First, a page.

PHOTO - Alcatel-Lucent's new OmniSwitch 6900.
KUALA LUMPUR, 22 APRIL 2011 - French communications giant Alcatel-Lucent has launched a new data centre switching solution that provides enterprises with a complete switching fabric, which will help deliver applications as a service, it said.
"The data centre switching solution delivers two architecture breakthroughs: the data centre 'mesh' and the 'pod'," said Alcatel-Lucent vice president and general manager Michel Emelianoff. "Virtualisation in the data centre requires enterprises to optimise server-to-server traffic while striving to reduce costs. Alcatel-Lucent's 'pod' architecture addresses this need with the new OmniSwitch 6900 by delivering a highly dense solution that allows enterprises to directly connect top-of-rack switches without relying on a core switch to carry server-to-server traffic."
"The rise of virtualisation has made data centre switching a critical piece of an IT strategy for the enterprise," said Emelianoff. "As we build on our Application Fluent Network vision, our new data center switching solution is empowering enterprises to set up a virtualised network for their data centres, allowing users to easily take advantage of real-time applications from any location across any device."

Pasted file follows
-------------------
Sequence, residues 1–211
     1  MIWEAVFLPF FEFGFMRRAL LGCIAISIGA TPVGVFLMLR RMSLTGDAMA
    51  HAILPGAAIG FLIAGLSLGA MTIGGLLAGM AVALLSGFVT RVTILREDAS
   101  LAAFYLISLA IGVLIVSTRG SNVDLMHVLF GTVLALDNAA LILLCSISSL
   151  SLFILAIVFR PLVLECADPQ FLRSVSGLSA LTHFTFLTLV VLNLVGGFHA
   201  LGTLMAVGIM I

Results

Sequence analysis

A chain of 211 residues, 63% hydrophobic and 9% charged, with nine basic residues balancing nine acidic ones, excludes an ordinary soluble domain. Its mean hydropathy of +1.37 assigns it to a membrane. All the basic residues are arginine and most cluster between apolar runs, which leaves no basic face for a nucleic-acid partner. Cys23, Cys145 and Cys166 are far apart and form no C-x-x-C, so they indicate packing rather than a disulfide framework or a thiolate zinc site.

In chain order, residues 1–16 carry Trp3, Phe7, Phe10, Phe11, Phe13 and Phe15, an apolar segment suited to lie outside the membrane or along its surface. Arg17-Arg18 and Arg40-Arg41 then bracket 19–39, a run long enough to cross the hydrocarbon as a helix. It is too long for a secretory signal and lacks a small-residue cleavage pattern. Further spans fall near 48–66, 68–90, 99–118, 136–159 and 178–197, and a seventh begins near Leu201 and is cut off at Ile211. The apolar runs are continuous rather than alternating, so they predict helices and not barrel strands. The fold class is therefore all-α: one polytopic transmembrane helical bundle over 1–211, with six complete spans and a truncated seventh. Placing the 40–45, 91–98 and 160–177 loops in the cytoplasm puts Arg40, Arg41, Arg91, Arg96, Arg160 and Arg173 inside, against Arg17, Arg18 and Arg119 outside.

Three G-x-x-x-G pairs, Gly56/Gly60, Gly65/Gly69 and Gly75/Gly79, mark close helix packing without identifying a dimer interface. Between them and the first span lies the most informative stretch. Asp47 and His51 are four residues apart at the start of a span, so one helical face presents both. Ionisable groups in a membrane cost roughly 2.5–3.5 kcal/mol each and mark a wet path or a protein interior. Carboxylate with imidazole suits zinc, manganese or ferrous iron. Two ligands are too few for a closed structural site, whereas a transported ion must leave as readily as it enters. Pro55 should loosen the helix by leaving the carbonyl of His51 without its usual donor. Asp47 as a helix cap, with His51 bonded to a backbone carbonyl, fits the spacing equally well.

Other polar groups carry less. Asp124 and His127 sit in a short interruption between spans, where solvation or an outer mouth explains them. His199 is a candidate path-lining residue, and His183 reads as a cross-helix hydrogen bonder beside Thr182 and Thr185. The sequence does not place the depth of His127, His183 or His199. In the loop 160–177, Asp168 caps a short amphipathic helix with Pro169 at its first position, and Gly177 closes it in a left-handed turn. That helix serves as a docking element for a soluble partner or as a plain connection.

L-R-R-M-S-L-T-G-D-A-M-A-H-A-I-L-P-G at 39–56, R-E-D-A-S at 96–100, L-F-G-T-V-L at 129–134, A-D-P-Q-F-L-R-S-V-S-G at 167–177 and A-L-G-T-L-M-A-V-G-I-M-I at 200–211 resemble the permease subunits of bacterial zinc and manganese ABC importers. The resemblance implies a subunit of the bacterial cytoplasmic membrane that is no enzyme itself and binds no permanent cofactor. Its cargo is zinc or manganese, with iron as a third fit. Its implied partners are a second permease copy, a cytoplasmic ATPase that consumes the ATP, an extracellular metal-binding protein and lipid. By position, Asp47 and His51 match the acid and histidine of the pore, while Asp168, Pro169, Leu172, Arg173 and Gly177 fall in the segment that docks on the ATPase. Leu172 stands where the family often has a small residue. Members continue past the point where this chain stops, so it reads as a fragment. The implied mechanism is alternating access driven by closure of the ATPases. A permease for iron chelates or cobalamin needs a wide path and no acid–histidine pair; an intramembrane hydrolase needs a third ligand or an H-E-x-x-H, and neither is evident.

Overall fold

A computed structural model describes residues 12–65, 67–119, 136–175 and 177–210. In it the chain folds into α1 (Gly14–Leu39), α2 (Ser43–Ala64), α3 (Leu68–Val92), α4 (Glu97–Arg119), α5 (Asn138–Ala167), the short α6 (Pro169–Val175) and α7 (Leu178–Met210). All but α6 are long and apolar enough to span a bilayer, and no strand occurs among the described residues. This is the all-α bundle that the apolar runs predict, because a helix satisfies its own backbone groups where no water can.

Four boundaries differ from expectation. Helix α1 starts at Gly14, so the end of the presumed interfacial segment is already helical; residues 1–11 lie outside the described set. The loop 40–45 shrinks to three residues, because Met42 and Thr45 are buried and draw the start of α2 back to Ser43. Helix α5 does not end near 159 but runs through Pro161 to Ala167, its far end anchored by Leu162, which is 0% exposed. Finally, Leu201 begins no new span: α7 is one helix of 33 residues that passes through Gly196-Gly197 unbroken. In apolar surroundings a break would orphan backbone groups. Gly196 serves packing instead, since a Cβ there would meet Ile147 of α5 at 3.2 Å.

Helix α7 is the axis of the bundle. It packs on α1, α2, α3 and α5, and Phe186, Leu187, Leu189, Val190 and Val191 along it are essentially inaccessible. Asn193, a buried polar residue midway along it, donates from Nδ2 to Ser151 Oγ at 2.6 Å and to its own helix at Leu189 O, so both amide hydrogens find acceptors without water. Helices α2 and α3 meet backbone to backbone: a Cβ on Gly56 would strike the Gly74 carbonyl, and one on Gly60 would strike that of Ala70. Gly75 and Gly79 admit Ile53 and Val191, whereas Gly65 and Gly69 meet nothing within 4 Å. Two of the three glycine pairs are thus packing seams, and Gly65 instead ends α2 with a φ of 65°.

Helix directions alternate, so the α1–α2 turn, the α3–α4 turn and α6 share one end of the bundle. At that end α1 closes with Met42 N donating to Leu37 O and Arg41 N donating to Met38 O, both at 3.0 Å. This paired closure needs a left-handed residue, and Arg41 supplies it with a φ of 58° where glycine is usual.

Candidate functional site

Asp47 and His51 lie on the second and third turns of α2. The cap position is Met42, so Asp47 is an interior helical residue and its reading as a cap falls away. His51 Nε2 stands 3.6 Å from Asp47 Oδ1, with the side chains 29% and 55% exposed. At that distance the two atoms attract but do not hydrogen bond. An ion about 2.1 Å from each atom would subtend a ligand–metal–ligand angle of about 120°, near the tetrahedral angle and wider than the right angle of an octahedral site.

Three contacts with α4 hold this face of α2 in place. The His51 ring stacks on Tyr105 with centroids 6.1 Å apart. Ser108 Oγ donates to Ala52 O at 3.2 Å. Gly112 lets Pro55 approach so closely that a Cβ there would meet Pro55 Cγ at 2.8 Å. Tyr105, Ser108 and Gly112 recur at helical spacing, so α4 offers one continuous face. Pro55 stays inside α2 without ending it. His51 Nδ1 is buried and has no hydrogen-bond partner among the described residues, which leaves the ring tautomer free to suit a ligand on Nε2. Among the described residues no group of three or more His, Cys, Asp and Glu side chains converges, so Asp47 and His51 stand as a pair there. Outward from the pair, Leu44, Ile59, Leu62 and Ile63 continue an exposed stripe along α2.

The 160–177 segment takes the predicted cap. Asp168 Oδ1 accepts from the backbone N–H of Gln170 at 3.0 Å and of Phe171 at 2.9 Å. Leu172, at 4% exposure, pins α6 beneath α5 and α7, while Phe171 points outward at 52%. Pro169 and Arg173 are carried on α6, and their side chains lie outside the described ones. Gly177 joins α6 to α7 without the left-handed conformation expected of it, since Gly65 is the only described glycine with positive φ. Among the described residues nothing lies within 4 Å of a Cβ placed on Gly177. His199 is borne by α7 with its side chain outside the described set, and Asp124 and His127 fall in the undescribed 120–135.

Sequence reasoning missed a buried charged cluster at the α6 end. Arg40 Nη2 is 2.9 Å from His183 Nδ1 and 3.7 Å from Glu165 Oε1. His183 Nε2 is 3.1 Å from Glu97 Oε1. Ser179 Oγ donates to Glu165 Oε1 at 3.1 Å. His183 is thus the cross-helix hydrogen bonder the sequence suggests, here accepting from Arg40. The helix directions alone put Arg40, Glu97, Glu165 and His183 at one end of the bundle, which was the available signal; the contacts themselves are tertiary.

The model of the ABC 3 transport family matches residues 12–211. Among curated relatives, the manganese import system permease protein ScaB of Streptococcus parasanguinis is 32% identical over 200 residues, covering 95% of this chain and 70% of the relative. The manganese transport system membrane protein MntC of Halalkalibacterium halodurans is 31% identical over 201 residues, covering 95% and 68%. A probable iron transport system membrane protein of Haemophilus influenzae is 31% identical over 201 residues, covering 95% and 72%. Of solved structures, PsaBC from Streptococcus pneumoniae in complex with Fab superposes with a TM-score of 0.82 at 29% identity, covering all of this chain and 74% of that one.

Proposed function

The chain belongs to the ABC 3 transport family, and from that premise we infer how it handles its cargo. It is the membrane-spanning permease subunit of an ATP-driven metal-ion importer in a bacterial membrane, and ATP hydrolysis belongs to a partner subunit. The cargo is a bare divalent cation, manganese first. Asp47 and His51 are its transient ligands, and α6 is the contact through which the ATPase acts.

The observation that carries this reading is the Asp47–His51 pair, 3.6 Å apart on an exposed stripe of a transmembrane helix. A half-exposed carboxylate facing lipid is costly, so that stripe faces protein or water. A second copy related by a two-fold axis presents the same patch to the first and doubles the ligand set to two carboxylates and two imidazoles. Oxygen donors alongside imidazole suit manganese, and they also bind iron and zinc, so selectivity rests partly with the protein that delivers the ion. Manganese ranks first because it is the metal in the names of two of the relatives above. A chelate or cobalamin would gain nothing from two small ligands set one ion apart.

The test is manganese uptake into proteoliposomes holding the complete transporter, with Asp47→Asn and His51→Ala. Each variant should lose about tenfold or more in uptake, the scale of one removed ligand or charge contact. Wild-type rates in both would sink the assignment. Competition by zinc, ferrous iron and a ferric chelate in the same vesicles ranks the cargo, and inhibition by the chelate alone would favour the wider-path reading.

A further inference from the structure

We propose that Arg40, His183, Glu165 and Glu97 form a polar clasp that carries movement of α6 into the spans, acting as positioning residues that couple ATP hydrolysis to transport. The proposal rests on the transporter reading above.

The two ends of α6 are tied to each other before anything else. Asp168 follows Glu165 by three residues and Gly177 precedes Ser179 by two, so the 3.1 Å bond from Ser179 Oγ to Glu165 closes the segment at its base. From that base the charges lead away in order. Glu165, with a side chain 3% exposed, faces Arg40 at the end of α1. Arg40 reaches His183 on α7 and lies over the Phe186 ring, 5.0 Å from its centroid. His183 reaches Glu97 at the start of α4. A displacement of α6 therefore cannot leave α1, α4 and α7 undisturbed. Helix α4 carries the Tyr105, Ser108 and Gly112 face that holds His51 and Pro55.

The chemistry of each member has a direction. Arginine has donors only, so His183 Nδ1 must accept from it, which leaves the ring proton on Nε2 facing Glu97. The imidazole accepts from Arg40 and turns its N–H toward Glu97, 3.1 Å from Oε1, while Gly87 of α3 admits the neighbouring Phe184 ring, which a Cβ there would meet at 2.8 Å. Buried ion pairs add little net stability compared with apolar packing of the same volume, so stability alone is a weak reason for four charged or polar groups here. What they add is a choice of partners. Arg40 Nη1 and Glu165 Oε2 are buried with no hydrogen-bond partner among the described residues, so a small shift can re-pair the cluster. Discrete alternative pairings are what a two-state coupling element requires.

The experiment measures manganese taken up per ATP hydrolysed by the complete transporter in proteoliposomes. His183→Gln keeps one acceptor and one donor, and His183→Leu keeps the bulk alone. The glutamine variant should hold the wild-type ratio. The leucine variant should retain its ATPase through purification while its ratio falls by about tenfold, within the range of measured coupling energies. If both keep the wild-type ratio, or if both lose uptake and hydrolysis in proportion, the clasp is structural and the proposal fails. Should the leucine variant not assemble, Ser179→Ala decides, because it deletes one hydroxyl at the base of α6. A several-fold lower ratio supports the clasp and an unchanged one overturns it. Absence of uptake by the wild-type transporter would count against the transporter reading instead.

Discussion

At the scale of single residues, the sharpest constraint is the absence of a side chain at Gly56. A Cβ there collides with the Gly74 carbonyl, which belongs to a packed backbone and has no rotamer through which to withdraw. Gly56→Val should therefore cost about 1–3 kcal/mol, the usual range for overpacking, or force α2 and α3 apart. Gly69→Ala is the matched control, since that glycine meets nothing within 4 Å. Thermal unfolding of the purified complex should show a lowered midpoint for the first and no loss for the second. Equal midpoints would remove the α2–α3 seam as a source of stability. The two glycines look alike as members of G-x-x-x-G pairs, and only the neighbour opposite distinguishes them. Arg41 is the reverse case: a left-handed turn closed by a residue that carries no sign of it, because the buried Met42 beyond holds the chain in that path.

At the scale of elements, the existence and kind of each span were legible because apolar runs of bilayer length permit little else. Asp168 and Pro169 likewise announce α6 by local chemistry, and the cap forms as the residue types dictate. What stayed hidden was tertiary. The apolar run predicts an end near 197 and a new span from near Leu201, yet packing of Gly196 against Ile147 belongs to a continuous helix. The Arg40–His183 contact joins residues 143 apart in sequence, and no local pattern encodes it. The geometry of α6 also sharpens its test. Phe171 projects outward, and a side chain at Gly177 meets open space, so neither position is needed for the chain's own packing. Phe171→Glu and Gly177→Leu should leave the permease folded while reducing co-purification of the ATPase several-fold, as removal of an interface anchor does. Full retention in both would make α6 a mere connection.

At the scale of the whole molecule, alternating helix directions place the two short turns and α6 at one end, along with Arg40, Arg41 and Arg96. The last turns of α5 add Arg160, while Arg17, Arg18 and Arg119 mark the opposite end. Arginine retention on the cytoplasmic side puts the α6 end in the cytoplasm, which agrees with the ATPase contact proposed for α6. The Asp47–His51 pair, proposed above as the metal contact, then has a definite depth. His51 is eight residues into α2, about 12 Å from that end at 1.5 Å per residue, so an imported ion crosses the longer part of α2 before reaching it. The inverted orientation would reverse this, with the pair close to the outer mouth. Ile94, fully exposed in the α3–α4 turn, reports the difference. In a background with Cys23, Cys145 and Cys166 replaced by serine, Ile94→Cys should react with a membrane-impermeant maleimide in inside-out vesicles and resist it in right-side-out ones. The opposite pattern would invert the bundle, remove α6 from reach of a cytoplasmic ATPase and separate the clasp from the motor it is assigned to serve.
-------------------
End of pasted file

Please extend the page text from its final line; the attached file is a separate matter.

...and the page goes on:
Emelianoff said that data centre pods could be connected across multiple sites. "Alcatel-Lucent's ground-breaking 'mesh' architecture delivers a complete switching fabric that can bring together more than 14,000 server 10Gig ports with only two core switches, delivering end-to-end latency of less than five microseconds and unmatched resiliency."
"Network infrastructure is becoming more complicated as new applications, new devices, data centre virtualisation and cloud computing become requirements for the enterprise," said analyst firm Yankee Group vice president and distinguished research fellow, Zeus Kerravala. "Enterprises need an infrastructure that is capable of monitoring and delivering these applications in real-time as if they were a service with low latency and a high quality user experience."
Sign up for Computerworld eNewsletters.